On Sept. 1, the Texas heartbeat bill became law, the first time a “heartbeat bill” has become enforceable law in any state. The Supreme Court’s decision declining to enter emergency relief against the law even prompted a direct condemnation from President Joe Biden, who called the decision “an unprecedented assault” on Roe v. Wade.
But the situation is much more complicated—and less dramatic—than what is being portrayed by the president and the corporate media.
What is the Texas Heartbeat Law?
On May 19, 2021, Gov. Greg Abbott signed the Texas Heartbeat Act, which prohibits abortion after a fetal heartbeat is detected, except in cases of medical emergency.
The Texas Heartbeat Act is unique among abortion laws in that it does not impose criminal sanctions or administrative penalties on those who violate the statute, and it specifically prohibits state officials from enforcing the law. Instead, the Heartbeat Act authorizes private civil lawsuits to be brought against those who violate the law, and provides that these private citizen-enforcement suits are the sole means of enforcing the statutory prohibition on post-heartbeat abortions.
How do the Heartbeat Law’s private-enforcement lawsuits work?
The Heartbeat Law allows suits to be brought by any person with evidence an illegal abortion has been performed, but merely bringing a suit does not entitle that person to receive civil penalties or other relief. Normal rules of civil procedure and Texas precedent apply in terms of the standard of proof involved, confidentiality, and the way the cases proceed in court.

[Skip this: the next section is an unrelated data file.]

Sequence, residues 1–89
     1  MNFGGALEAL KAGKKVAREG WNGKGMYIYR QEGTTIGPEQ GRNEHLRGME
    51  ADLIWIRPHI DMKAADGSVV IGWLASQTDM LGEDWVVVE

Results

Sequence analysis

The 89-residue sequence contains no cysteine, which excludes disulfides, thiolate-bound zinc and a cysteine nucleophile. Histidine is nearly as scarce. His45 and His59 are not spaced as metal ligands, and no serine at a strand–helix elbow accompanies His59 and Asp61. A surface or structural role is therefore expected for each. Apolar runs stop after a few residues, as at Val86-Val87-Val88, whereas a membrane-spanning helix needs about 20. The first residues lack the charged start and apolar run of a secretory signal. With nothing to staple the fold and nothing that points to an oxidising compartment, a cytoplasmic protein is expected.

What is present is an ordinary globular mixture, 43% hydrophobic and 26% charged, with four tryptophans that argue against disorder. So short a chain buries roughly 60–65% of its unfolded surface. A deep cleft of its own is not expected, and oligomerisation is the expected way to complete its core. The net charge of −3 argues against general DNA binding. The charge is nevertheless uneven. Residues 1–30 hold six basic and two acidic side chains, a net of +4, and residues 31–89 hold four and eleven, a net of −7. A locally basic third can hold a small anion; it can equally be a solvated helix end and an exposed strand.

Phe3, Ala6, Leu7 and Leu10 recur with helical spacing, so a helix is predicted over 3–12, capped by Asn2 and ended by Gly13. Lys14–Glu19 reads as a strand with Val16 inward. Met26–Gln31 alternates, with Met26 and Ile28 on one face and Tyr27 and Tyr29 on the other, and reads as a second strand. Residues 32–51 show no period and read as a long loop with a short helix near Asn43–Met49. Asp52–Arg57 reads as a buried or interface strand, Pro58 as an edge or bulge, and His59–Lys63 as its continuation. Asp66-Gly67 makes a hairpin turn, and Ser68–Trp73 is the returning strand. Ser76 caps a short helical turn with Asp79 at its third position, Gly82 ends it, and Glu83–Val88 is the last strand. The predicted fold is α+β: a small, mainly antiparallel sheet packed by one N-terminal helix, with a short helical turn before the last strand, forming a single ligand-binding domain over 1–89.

The Heartbeat Law prohibits suits from being brought against women who receive abortions, nor may a suit be brought by someone who impregnated the abortion patient through rape, sexual assault, incest, or other criminal act. The Heartbeat Law also provides that abortion providers have a defense if they can show that awarding relief would be an “undue burden” for a woman or group of women seeking an abortion, which is the legal standard given by the Supreme Court in Planned Parenthood v. Casey.
How did the case get to the U.S. Supreme Court?
The Texas Heartbeat Act was scheduled to take effect on Sept. 1, 2021. On July 13, 2021—nearly two months after Abbott signed the bill into law—a group of abortion facilities, doctors, and associated organizations filed a federal lawsuit challenging the law in the U.S. District Court for the Western District of Texas, located in Austin.
Because the law did not allow for enforcement by government officials, the abortion plaintiffs instead tried to sue judicial officials to prevent the private-enforcement suits from being filed or considered, which is unusual. The plaintiffs sued a state district judge in Smith County, Texas as a defendant class representative of every non-federal judge in Texas. They also sued the clerk for the district court of Smith County as a defendant class representative of every Texas court clerk.
The abortion plaintiffs also sued the Texas attorney general and several state agency officials, as well as Mark Lee Dickson, a pro-life activist. The plaintiffs waited until Aug. 7, 2021, to file a motion for preliminary injunctive relief.
After a flurry of briefing, including on significant jurisdictional objections raised by the defendants, the parties were preparing for the preliminary injunction hearing, which was scheduled for August 30, 2021. On August 25, 2021, the federal district judge overruled the defendants’ jurisdictional objections. (Courts are supposed to make sure they have jurisdiction—authority to hear a case—before proceeding further.)
Established law allows for an immediate appeal if a governmental entity is denied immunity from suit, so that night, the defendants appealed to the U.S. Court of Appeals for the Fifth Circuit. The law also provides that the district court no longer has jurisdiction after this happens, so the defendants asked the district court to enter a stay of proceedings while the case proceeded on appeal.